- Research article
- Open Access
- Open Peer Review
Trends of Staphylococcus aureus bloodstream infections in a neonatal intensive care unit from 2000-2009
BMC Pediatricsvolume 14, Article number: 121 (2014)
Invasive methicillin-resistant Staphylococcus aureus (MRSA) and methicillin-sensitive Staphylococcus aureus (MSSA) infections are major causes of numerous neonatal intensive care unit (NICU) outbreaks. There have been increasing reports of MRSA outbreaks in various neonatal intensive care units (NICUs) over the last decade. Our objective was to review the experience of Staphylococcus aureus sepsis in our NICU in the last decade and describe the trends in the incidence of Staphylococcus aureus blood stream infections from 2000 to 2009.
A retrospective perinatal database review of all neonates admitted to our NICU with blood cultures positive for Staphylococcus aureus from (Jan 1st 2000 to December 31st 2009) was conducted. Infants were identified from the database and data were collected regarding their clinical characteristics and co-morbidities, including shock with sepsis and mortality. Period A represents patients admitted in 2000-2003. Period B represents patients seen in 2004-2009.
During the study period, 156/11111 infants were identified with Staphylococcus aureus blood stream infection: 41/4486 (0.91%) infants in Period A and 115/6625 (1.73%) in Period B (p < 0.0004). Mean gestation at birth was 26 weeks for infants in both periods. There were more MRSA infections in Period B (24% vs. 55% p < 0.05) and they were associated with more severe outcomes. In comparing the cases of MRSA infections observed in the two periods, infants in period B notably had significantly more pneumonia cases (2.4% vs. 27%, p = 0.0005) and a significantly higher mortality rate (0% vs. 15.7%, p = 0.0038). The incidences of skin and soft tissue infections and of necrotizing enterocolitis were not significantly changed in the two periods.
There was an increase in the incidence of Staphylococcus aureus infection among neonates after 2004. Although MSSA continues to be a problem in the NICU, MRSA infections were more prevalent in the past 6 years in our NICU. Increased severity of staphylococcal infections and associated rising mortality are possibly related to the increasing MRSA infections with a more virulent community-associated strain.
Treatment of Staphylococcus aureus infections in the neonatal intensive care unit (NICU) continues to be a high priority, and reducing the burden of all staphylococcal infections remains of utmost importance. Invasive methicillin-sensitive (MSSA) and methicillin-resistant (MRSA) Staphylococcus aureus bloodstream infections in the newborn present with a wide range of serious complications. The situation is particularly worse in the preterm infant, where the developmental immaturity of the immune system increases the susceptibility to these infections. Complications may include brain or visceral abscesses, meningitis, orbital cellulitis, osteomyelitis, septic arthritis, endocarditis, pneumatoceles and lung abscesses, septic ileus, septic shock and, not infrequently, death [1–5]. Numerous recent outbreaks in the NICUs have been attributed to strains of MRSA found both in the health care environment and in the community. The emergence of community-associated methicillin-resistant Staphylococcus aureus (CA-MRSA) strains in NICU outbreaks has been widely documented [2, 4, 6–9]. Earlier studies have stressed the differences between the two different strains of MRSA originating from the hospital environment and from the community, but there are little data available emphasizing the potential change in the epidemiological trend of Staphylococcus aureus blood stream infections in the NICU, with increasing reports of MRSA outbreaks [1, 4, 8, 10–13].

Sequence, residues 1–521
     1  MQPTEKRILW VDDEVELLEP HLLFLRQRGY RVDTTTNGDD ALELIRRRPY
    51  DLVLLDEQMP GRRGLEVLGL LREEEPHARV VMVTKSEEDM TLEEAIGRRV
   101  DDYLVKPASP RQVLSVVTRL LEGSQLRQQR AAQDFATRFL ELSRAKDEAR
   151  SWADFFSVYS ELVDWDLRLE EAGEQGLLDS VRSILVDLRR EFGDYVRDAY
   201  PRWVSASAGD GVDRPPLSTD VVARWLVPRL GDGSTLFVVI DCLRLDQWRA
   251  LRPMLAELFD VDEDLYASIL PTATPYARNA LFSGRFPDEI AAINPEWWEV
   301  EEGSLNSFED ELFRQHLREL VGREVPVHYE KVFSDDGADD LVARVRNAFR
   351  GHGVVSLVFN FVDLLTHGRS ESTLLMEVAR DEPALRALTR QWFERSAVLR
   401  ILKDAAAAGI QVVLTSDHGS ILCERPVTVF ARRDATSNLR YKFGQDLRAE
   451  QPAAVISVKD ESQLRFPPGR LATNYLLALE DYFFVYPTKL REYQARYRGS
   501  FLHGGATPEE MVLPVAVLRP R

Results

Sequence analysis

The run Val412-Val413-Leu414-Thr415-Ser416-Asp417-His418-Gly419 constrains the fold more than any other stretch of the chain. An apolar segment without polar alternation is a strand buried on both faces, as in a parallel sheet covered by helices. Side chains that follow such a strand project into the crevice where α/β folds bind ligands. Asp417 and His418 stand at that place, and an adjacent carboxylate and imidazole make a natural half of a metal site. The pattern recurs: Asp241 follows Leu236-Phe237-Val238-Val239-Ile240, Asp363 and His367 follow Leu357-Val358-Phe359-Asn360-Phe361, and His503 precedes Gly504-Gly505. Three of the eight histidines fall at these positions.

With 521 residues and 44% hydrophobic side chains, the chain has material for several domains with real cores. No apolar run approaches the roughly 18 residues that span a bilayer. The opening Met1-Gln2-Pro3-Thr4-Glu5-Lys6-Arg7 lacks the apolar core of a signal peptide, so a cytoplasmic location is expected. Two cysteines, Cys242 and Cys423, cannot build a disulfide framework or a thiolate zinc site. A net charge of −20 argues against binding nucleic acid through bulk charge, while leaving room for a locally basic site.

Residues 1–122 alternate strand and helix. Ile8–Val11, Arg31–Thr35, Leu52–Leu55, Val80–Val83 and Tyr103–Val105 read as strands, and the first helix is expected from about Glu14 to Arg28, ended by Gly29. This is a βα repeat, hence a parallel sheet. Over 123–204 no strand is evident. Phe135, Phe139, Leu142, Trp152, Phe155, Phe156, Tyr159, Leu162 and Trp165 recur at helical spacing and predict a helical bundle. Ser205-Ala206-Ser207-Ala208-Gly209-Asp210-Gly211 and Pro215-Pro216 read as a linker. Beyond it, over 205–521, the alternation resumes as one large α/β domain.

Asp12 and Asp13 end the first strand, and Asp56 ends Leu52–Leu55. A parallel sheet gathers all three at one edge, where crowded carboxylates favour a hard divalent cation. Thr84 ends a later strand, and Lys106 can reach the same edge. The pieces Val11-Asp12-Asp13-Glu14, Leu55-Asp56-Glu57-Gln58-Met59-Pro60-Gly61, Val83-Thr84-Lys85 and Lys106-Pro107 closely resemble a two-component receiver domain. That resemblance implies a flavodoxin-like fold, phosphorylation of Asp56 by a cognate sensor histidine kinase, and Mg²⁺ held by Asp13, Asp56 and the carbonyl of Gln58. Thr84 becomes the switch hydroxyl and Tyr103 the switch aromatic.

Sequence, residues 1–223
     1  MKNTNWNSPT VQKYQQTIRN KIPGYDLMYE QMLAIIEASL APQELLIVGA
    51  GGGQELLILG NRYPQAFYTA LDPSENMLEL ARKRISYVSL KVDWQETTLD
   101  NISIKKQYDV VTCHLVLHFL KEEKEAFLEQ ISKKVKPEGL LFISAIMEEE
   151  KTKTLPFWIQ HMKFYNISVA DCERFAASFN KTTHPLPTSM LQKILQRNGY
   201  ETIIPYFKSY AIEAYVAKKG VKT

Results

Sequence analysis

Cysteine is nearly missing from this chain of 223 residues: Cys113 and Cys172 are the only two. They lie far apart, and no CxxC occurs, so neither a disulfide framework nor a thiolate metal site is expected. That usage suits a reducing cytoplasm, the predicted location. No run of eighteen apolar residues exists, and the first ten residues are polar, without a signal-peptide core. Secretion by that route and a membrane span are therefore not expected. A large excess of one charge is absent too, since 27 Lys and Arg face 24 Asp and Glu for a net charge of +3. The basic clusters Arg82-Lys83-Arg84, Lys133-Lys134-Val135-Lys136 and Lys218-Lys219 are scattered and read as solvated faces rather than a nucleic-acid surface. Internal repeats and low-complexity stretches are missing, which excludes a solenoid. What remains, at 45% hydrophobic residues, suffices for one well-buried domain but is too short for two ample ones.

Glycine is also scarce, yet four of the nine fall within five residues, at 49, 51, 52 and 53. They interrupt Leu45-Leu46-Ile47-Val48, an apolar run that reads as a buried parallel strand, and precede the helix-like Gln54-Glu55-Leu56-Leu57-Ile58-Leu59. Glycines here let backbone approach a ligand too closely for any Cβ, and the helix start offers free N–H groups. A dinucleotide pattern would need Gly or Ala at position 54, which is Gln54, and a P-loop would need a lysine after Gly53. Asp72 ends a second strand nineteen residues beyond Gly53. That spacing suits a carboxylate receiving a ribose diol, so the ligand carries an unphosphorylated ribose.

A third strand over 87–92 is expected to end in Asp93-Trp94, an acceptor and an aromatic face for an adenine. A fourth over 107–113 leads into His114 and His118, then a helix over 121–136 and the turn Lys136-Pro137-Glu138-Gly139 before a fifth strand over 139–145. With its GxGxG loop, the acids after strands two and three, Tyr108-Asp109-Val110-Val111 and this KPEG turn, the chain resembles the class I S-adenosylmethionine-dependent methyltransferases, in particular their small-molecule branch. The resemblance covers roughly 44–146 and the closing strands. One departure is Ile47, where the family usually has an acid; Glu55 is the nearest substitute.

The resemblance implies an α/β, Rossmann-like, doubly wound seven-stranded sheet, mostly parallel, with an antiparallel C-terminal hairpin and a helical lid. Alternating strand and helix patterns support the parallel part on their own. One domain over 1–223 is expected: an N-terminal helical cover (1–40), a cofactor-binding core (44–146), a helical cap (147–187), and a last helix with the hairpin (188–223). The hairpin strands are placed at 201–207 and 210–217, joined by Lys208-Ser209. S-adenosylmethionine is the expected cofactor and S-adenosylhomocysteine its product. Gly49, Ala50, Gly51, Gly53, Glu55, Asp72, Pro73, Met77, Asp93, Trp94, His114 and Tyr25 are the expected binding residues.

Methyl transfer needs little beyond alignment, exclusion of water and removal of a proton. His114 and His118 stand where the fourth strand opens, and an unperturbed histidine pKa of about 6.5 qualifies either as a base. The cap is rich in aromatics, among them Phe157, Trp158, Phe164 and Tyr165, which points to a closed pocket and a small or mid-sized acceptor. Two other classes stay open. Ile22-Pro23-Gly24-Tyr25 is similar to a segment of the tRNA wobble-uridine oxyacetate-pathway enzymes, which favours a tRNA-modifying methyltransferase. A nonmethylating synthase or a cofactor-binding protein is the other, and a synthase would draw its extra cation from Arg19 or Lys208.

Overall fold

There were reports by the Center for Disease Control (CDC) in the United States showing a series of outbreaks in the NICU of potential new strains of community-acquired MRSA in and around the year 2004 [1, 6]. This was also corroborated by Healy et al.  in their study in the same period .
This study identifies the unique epidemiological characteristics and trends in the incidence of Staphyloccus aureus blood stream infections in neonates, with a view to developing strategies to further decrease the risks of infection. We reviewed our data from 2000-2009, and divided it into cohorts based on references to the increased incidence of MRSA in 2004 in several NICUs.